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Imported pork sold in supermarkets also covered by price cap — Palace


Harry Roque palace

Presidential spokesperson Harry Roque. INQUIRER FILE PHOTO / JOAN BONDOC

MANILA, Philippines — Imported pork sold in supermarkets will also be subjected to the 60-day price cap in Metro Manila, Malacañang mentioned Thursday.

“Kahapon po, nangako ang DTI [Department of Trade and Industry] sa pamamagitan ni Secretary [Ramon] Lopez na henceforth magkakaroon po ng label na imported ang baboy na binibenta sa supermarket,” presidential spokesperson Harry Roque mentioned in a web-based Palace briefing.

(Yesterday, DTI Secretary Lopez promised that henceforth, imported pork in supermarkets may have labels.)

“At kapag ito ay imported na baboy, subject na rin po sya sa price cap,” he added.

(And if the pork is imported, it should also be subjected to the price cap.)

Roque famous that imported pork prices P114 per kilo, inclusive of tariff whereas native hog raises shell out P171 for a kilo of pork.

“Sabi ko nga po kagabi, meron tayong prinsipyo, equal protection clause. Kinakailangan things similarly situated must be treated alike. Eh ano ba ang pagkakaiba ng baboy sa supermarket at baboy sa palengke?” Roque mentioned.

(Just like what I mentioned final night time, now we have a precept of equal safety clause. Things equally located should be handled alike. What’s the distinction between pork sold in supermarkets and public markets?)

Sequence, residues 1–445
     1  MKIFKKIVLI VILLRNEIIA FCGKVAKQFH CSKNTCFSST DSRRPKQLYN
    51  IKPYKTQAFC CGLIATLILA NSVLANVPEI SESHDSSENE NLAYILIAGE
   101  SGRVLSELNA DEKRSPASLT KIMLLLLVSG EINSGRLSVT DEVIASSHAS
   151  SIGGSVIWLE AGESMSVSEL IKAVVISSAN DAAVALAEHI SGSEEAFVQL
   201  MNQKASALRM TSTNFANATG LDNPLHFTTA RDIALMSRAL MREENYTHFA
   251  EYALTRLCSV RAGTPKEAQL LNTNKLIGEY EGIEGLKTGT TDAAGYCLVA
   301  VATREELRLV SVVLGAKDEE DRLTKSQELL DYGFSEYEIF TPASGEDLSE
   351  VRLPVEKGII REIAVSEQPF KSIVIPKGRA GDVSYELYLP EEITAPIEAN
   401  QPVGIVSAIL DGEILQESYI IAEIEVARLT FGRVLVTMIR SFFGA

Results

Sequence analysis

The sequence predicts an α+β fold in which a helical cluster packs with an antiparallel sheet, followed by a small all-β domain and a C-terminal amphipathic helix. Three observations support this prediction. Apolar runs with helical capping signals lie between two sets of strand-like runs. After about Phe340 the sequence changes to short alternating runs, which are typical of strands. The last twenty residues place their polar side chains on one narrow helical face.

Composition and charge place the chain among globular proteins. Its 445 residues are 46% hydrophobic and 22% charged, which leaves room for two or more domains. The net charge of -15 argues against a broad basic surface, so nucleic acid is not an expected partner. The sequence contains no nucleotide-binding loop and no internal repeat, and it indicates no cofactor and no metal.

“Sabihin mo nang meron silang additional overhead, pag sila naman ay nag-angkat, mas mura kaysa doon sa nabibili sa lokal. So ngayon po patas,” he went on.

(Let’s say they’ve an extra overhead, however after they import, it’s cheaper than these sold domestically. So now, it’s truthful.)

The Department of Agriculture had mentioned the price freeze will solely be enforced in Metro Manila’s public or moist markets.

It also gave hog and poultry raisers till February 8 to follow the price cap for pork and hen sold in Metro Manila.

President Rodrigo Duterte’s Executive Order No. 124 set price ceilings of P270 for a kilo of “kasim or pigue,” P300 per kilo for “liempo,” and P160 per kilo for dressed hen.

JPV


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